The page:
As reported by French newspaper Le Monde in January, the powerful OBS even obtained a temporary decree allowing it to avoid having to grant a weekly day off, as usually mandated by law, to the 8,000 people expected to work on broadcasting the Paris Olympics.
Experts have suggested different ways of scaling down the IOC’s power and its aversion to sharing the financial risks.
“The more interesting solution is to have one permanent venue for the summer and one for the winter games,” said Zimbalist.
But would such a major change be met with enthusiasm? Many see the Olympics as a way to garner and leverage soft power, and as an event that helps the host nation’s government to improve its domestic image.
Limited work opportunities
When politicians promote hosting the Olympics, they often bring up job opportunities, particularly in the construction and hospitality sectors.
The Paris 2024 organising committee claims that the event will be “a lever for boosting activity and employment”, thanks to “over 181,000 jobs mobilised”. It specified that this figure includes jobs specifically created for the occasion, and jobs that will be involved in the Olympics in some way, but already exist.
This means that the hoped trickle-down effect won’t be felt by all.
“The wages paid to a hotel’s desk clerks and room cleaners are likely to remain roughly unchanged,” explained Robert Baade and Victor Matheson in their 2016 study ‘Going for the Gold: The Economics of the Olympics’.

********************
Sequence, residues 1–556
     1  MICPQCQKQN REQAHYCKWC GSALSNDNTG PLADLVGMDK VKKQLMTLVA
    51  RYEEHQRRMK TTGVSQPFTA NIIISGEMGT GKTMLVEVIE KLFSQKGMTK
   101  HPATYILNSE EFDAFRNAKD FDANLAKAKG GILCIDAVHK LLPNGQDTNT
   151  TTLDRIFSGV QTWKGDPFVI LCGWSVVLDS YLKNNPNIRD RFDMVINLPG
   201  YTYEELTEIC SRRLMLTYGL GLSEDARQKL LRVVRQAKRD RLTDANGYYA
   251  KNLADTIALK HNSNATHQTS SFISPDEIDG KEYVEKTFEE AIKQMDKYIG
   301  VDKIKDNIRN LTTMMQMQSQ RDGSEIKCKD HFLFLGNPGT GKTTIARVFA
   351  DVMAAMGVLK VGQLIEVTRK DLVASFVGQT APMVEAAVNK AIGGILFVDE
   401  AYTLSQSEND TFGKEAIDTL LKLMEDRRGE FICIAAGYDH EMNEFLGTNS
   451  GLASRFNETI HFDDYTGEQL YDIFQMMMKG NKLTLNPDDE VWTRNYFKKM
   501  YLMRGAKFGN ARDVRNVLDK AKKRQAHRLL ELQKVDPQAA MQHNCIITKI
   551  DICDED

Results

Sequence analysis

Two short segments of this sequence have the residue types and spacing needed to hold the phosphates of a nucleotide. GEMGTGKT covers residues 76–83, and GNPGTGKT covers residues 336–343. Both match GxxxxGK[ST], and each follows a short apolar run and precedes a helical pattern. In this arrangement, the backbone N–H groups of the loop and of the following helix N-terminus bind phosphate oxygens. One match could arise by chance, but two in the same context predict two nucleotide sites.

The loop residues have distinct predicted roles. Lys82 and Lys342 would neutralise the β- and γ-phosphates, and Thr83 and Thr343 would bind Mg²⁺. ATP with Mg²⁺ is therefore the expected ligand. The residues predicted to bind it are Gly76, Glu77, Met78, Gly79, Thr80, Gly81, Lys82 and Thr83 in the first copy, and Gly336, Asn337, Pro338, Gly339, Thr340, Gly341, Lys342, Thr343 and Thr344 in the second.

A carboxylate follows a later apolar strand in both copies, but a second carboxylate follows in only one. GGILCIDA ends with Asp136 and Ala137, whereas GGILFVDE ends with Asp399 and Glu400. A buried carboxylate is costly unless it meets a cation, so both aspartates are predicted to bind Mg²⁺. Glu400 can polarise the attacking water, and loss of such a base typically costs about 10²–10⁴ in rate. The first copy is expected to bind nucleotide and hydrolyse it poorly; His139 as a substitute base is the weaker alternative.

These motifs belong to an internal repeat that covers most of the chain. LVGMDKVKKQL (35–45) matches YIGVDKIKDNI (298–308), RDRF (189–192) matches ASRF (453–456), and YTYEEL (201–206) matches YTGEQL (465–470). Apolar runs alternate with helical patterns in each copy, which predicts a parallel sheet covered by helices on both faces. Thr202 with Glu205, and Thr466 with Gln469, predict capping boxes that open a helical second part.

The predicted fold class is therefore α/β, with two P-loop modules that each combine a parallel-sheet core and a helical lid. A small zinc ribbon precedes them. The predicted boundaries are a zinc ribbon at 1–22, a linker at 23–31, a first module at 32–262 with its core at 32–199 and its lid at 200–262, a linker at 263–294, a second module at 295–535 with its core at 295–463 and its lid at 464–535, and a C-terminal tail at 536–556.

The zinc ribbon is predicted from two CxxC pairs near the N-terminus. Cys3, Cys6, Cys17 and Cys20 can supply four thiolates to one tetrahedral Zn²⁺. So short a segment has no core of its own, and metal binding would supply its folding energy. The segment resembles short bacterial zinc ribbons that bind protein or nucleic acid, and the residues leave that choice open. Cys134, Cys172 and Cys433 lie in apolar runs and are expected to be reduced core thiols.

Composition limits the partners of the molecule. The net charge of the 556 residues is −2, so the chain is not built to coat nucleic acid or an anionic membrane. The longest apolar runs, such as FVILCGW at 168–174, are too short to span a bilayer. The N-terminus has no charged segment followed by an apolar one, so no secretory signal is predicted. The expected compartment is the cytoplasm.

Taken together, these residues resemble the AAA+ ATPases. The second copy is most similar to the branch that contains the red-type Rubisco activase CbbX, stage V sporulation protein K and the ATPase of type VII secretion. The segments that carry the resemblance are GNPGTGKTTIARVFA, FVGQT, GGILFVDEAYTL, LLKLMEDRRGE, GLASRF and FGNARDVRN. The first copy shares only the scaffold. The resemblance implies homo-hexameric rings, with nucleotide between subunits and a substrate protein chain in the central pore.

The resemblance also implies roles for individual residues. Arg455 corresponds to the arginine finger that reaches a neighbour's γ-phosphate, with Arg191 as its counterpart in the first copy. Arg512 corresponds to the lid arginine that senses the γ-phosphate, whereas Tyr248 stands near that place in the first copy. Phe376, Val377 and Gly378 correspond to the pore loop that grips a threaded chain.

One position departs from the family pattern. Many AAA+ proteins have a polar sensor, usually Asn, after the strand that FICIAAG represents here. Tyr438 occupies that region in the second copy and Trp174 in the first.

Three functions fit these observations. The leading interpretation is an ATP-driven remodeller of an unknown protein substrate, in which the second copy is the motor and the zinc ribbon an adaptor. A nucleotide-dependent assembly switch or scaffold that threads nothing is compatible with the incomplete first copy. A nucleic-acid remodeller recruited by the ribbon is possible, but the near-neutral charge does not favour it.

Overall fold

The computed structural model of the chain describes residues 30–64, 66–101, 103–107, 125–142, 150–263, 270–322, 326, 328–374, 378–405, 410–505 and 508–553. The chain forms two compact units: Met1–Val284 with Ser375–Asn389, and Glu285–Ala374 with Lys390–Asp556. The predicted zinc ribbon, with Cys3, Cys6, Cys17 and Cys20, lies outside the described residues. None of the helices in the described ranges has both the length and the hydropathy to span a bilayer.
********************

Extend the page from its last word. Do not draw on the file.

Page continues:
Indeed, in many cases, as “hotels (as well as chain restaurants, car rental agencies, airlines, and similar firms) are nationally or internationally owned, this increase in corporate profits doesn’t stick in the host city but instead leaves the area,” they explained.
To take place in the best conditions, Olympic committees also heavily rely on volunteers – 45,000 this summer in Paris – who are, by definition, not paid.
Volunteering may get you some perks, such as attending some of the competitions for free. However, a lack of salary means it won’t be easy to secure accommodation in Paris or its neighbouring suburbs, especially with the skyrocketing price of B&Bs and hotel rooms in that period.
Disruption to daily life
Between the metro ticket cost being temporarily raised to €4 to face the influx of tourists (it normally costs €2,15), and the Paris region president Valérie Pécresse advising locals to work from home for the Olympics’ duration, many intend to use some of their five weeks of paid time off to leave Paris in July and August.
For those who can’t escape the French capital, those two weeks when the Olympics are on, followed by another two for the Paralympics, might be a nightmare.
As for how it affects general tourism, the consensus is mixed.
“London, Beijing, and Salt Lake City all saw decreases in tourism the years of their Olympics,” explained the CFR’s McBride and Manno.
On the other hand, other cities saw a boost in tourism following the Olympics, such as Barcelona in the early 1990s. However, back then, the Catalan city could not compare to Paris’ current attractiveness as the capital city of the most visited country in the world.
“Olympic tourists will largely replace other tourists that would have come anyway,” said Professor Müller about Paris. He estimated that the economic effect the Olympics will have on the French capital will likely be negligible.
“In London, for example, studies found that there were actually fewer tourists in the city during the Olympic Games in 2012 than during previous summers,” he said.
So, hosting the Games may not quite be the Olympic gold it’s cracked up to be.